Changes in the environment can impact international relations theory, despite enjoying only a limited amount of attention from scholars of the discipline. The sorts of influence that may be identified include ontology, epistemology, concepts, and methods, all of these being related to varying perspectives on international relations. It is likely that the most profound implications arise at the ontological level, since this establishes assumptions about, for example, whether the world we wish to understand is both political and ecological. However, more recently the recognition of the practical challenge presented by the environment has become widespread, though it has not yet translated into a significant impact on the discipline of international relations, even when theoretical implications are noted. It is now almost obligatory to include the environment in any list of modern international relations concerns, as over time it has become necessary to include peace, underdevelopment, gender, or race, as they quite rightly became recognized as significant aspects of the field. Moreover, the environment, as a relatively novel subject matter, has naturally brought some critique and innovation to the field. However, studies of the environment are also subject to such descriptors as “mainstream” and “radical” in debates about how best to tackle the subject. As is often the case, the debates are sharpest among those with the greatest interest in the subject.
Brooke Ackerly and Ying Zhang
The study of feminist ethics in international relations (IR) is the study of three topics. The first is the feminist contributions to key topics in international ethics and the research agenda that continues to further that enterprise. Feminists have made important contributions to IR thought on central ethical concepts. They rethink these concepts from the perspective of their impact on women, deconstruct the dichotomies of the concepts and their constituent parts, and reconsider how the field should be studied. Next, there is the feminist engagement with the epistemological construction of the discipline of IR itself, by which feminists make the construction of the field itself a normative subject. Finally, there is the feminist methodological contribution of a “meta-methodology”—a research ethic applicable in the research of all questions and able to improve the research practice of all methodologists. The contention here is that ethical IR research must be responsive to the injustices of the world, hence feminists have also explored the connections between scholarship and activism. And this in turn has meant exploring methodologies such as participatory action research that engages one with the political impact of research and methods. Furthermore, contemporary challenges related to climate, globalization, shifts in people, and shifts in global governance are encouraging feminists to work from multiple theoretical perspectives and to triangulate across multiple methods and questions, in order to contribute to our understanding of global problems and the politics of addressing them.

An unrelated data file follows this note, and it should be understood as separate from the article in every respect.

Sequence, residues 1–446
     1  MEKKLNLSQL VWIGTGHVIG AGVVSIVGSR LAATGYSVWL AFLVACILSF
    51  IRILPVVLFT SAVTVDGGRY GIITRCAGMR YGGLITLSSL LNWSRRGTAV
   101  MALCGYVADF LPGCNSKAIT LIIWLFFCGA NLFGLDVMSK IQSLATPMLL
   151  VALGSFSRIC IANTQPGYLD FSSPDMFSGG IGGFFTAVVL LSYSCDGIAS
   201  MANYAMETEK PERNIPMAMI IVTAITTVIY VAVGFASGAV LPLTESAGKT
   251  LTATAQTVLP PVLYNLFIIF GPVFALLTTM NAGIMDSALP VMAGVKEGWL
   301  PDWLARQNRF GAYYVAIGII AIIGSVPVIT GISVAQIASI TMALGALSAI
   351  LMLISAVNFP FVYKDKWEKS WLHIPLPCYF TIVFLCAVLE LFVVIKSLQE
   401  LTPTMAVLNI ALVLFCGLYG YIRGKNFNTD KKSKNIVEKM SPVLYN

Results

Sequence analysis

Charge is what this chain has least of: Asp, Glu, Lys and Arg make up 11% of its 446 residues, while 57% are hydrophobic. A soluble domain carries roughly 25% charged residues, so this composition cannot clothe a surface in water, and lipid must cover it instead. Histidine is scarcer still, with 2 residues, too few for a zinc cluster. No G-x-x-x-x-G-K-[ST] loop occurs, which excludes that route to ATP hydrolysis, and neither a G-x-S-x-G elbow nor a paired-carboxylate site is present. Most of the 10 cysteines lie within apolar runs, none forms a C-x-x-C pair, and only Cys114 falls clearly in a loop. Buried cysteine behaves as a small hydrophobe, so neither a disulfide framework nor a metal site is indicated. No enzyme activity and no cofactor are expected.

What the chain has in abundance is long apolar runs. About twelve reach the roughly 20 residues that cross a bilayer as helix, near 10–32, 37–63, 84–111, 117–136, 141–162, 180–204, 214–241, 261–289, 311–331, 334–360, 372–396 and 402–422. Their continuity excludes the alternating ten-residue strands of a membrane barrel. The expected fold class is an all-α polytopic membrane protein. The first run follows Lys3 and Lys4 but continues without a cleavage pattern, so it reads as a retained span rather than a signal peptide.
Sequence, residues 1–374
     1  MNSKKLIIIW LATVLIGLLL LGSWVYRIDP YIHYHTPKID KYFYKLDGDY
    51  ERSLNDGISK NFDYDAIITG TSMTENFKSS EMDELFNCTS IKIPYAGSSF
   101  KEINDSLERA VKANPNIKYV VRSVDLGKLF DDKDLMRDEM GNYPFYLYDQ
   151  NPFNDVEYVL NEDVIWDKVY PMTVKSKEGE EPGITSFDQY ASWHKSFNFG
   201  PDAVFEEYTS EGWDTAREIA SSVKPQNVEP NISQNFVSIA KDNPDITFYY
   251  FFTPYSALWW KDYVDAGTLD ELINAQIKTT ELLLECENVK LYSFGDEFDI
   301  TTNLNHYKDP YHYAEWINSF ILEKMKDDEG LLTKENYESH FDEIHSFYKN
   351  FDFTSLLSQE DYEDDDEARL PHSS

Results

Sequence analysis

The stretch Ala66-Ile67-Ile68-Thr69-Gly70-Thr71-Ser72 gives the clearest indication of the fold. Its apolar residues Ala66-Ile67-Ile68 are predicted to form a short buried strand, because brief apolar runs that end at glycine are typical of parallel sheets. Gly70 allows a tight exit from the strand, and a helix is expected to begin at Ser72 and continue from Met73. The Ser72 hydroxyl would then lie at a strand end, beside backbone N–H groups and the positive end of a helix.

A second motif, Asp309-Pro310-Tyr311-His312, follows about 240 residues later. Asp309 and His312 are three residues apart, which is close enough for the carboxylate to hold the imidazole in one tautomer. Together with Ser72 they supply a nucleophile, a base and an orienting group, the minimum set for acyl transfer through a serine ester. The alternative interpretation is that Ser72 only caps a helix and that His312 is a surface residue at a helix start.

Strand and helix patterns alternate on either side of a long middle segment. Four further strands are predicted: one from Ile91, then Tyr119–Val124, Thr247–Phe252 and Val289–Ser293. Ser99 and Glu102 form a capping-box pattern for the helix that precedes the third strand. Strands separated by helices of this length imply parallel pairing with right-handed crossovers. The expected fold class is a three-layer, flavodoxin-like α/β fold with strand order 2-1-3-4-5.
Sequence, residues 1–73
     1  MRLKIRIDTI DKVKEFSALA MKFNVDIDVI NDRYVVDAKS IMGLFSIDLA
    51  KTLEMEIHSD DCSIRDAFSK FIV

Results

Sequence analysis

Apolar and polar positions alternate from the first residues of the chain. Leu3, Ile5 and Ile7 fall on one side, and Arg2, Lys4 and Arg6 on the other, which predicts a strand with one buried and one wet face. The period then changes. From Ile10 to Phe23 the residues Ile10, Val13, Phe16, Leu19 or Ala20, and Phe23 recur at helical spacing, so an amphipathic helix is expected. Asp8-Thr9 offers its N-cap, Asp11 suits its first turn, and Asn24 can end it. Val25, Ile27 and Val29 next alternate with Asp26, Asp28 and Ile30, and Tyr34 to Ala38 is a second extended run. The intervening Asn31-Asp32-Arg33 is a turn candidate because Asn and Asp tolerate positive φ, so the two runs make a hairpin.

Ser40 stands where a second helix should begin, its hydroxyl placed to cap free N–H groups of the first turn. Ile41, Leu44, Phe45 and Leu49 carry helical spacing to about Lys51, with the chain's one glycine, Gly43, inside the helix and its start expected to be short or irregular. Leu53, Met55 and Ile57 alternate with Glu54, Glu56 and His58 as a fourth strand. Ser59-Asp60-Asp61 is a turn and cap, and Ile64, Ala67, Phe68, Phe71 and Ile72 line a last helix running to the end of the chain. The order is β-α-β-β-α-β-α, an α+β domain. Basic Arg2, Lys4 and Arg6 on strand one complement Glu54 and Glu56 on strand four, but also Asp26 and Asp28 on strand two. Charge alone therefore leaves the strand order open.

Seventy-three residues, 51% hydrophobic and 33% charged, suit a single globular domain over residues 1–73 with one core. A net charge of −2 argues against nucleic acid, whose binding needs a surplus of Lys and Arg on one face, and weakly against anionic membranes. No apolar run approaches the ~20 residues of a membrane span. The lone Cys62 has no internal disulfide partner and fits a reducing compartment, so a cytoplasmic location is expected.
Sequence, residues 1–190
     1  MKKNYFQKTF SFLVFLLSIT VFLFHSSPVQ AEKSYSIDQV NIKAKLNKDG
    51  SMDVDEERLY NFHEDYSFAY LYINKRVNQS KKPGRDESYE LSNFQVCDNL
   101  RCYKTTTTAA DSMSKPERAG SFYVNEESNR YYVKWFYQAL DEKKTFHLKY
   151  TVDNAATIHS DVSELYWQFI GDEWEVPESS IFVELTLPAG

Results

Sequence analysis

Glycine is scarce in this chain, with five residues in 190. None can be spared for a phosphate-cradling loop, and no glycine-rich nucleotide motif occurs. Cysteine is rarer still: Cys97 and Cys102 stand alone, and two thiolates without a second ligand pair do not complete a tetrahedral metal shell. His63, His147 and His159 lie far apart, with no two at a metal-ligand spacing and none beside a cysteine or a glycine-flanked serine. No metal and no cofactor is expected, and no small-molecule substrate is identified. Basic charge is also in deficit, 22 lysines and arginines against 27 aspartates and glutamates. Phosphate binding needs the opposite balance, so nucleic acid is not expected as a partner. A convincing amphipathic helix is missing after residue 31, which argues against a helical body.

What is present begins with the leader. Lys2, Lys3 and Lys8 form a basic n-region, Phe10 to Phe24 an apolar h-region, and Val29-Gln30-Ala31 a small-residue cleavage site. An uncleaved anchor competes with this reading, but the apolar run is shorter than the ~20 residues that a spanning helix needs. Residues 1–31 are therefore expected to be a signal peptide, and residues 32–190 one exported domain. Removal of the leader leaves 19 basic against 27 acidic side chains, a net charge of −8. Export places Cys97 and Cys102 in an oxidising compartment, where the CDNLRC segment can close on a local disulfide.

Jennifer Heeg Maruska
Feminism operates on various feminist epistemologies, methodologies, and methods. While there is no consensus on how to organize or label these, there are a few generalities that can be drawn between these epistemologies, particularly in the international relations (IR) context. Classifying these epistemologies generally under the umbrella (or in the constellation) of postpositivism makes clear the contrasts between positivist social science and more critical approaches. Moreover, within the many critical approaches in feminist IR are many points of convergence and divergence. Feminist IR theory also focuses on the complexities of gender as a social and relational construction, in contrast to how nonfeminist ontologies focus on the rights of women, but including those of children and men as well. Hence, the postpositivist ontology takes on a more complex meaning. Rather than trying to uncover “how things really are,” postpositivists study how social realities (the Westphalian system, international migration or trafficking, or even modern war) came to be, and also how these realities came to be understood as norms, institutions, or social facts—often examining the gendered underpinnings of each. Most feminist IR theorists (and IR constructivists) share an “ontology of becoming” where the focus is on the intersubjective process of norm evolution.
Behavioralism is a paradigm that became predominant in American social sciences from the 1950s until well into the 1970s. Although its reign did not last beyond the 1980s, it has transformed the fields of (American) political science and international relations (IR) so profoundly that it remains to this day an essential, albeit implicit, component of their identity. The article starts with the context in which behavioralism emerged, then engages the “Behavioral Revolution” in American political science and presents its main epistemic, ontological, and axiological tenets. It then moves more specifically to Behavioralism in IR, and to the terms of its “second debate.” The article concludes with an assessment of Behavioralism’s legacy.